Jokes aside, could this trend be directly related to a lack of exposure to brick-and-mortar betting environments? After all, these are places where physical money changes hands and it taught many of us a valuable betting lesson. Perhaps online losses feel less significant somehow?

Are operators ready for the future?

Online casinos and in-person betting currently share approximately equal parts of the market. However, the rising numbers of younger players, and their preference for online betting, seems destined to change this. And if younger players are determined to spend substantial amounts on online gambling, this could see revenues soar for casinos.

It sounds like good news for the industry, but it won't all be plain sailing.

Services must adapt

Operators are noticing that younger players prefer simpler, more intuitive and accessible designs. However, they’ll need to strike a balance in terms of competitive viability and the responsible delivery of services which don’t undermine the reality of players’ losses.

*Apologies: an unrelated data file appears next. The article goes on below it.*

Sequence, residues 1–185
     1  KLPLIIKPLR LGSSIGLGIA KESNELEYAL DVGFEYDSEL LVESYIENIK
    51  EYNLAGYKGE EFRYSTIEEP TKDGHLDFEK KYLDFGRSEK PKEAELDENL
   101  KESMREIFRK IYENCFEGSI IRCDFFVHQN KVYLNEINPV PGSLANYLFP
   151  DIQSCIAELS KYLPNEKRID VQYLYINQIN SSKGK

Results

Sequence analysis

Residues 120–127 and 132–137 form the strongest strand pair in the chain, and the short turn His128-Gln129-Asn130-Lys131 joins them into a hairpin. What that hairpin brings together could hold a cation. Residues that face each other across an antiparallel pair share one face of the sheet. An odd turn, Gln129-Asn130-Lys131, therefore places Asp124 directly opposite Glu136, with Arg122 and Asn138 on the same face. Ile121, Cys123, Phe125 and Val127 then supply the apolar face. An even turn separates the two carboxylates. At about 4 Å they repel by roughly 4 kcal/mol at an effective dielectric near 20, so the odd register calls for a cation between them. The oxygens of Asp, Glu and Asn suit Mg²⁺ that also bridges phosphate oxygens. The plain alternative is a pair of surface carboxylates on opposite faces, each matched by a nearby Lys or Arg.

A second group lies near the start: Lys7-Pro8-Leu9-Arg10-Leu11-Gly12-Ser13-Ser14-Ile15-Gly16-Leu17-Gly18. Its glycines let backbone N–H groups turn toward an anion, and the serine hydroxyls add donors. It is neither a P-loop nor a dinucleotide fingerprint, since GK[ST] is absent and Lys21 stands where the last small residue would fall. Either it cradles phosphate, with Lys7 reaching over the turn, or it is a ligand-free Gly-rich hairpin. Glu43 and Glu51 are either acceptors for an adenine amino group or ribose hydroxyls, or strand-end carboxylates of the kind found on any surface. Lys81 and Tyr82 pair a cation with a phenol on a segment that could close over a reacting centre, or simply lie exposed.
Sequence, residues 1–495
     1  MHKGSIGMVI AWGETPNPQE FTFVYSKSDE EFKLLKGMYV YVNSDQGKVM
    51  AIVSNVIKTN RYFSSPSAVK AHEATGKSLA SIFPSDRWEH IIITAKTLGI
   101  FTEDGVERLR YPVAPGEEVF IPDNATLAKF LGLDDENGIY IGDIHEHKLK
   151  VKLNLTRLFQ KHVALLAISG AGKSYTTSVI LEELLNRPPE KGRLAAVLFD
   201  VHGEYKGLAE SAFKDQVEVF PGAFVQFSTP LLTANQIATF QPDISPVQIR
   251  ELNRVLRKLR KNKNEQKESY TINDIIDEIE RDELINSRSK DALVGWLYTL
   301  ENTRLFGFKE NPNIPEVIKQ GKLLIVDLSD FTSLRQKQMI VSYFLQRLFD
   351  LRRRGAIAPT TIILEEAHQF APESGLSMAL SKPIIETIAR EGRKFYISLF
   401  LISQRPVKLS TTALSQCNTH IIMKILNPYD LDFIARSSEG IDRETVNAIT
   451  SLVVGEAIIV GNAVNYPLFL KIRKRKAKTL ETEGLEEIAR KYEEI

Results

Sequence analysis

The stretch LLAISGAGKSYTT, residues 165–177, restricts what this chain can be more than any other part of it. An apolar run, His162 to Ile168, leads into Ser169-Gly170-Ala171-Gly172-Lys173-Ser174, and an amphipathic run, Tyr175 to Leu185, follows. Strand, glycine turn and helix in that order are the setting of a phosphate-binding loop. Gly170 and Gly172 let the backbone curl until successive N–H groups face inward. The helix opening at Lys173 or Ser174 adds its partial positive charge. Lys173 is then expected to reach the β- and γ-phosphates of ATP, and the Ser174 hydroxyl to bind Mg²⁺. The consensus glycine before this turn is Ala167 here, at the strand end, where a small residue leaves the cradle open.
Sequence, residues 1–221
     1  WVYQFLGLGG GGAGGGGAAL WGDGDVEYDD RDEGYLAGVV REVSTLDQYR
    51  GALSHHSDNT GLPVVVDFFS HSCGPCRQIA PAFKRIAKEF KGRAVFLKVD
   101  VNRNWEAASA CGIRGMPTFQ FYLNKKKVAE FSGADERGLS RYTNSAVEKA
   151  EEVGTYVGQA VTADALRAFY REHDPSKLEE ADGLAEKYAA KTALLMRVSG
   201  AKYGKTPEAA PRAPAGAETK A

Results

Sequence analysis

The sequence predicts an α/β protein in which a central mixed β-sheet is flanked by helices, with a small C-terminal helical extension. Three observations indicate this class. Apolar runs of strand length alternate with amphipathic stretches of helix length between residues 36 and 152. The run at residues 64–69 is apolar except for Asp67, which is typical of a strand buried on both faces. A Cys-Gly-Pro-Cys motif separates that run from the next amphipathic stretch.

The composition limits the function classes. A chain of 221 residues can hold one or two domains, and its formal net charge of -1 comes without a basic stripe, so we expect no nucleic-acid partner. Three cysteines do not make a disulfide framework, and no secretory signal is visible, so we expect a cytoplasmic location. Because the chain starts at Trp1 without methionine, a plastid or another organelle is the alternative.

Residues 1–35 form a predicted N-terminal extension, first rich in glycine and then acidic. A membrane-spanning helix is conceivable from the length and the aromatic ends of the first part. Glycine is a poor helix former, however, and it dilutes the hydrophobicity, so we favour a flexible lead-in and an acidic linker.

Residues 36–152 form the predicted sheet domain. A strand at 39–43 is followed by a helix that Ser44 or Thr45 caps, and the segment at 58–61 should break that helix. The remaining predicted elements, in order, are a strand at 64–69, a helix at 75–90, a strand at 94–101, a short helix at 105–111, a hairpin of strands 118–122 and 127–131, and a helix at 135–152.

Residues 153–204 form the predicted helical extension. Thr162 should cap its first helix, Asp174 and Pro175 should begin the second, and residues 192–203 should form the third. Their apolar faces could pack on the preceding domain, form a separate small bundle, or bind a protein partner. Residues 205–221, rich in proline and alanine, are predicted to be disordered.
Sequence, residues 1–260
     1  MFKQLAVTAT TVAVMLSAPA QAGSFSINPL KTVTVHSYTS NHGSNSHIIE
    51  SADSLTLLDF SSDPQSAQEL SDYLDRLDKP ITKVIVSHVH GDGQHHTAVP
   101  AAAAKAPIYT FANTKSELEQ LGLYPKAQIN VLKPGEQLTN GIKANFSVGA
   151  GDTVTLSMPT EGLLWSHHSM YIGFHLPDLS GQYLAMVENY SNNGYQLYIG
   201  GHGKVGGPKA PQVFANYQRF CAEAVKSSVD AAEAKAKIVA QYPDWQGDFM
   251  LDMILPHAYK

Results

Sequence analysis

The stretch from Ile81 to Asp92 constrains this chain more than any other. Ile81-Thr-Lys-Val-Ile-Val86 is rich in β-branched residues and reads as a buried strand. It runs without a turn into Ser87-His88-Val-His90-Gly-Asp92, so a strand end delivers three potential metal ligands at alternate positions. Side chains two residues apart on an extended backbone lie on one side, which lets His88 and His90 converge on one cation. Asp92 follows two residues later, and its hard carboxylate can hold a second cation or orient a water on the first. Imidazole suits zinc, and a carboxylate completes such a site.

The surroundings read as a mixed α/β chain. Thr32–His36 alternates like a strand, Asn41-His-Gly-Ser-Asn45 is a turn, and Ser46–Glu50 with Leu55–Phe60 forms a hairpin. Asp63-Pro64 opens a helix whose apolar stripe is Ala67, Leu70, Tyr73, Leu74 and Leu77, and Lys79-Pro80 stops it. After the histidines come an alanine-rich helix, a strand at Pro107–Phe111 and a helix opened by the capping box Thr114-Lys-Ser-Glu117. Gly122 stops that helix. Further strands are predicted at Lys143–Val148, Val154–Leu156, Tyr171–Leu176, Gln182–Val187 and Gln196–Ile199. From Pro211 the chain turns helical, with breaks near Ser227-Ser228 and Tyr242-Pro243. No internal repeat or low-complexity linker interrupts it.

The sustainability of the customer base must also be considered. One effective way of doing this is providing access to safer gambling resources such as deposit limits and self-exclusion schemes. These kinds of measures empower players to protect themselves without imposing on players who enjoy gambling safely and responsibly.

Game developers are discovering new players

Online slots are often inspired by their analogue predecessors, with fruit machine symbolism and mechanics appealing to players with physical casino experience. Operators will find these titles less popular in the future, as the nostalgic connections lessen.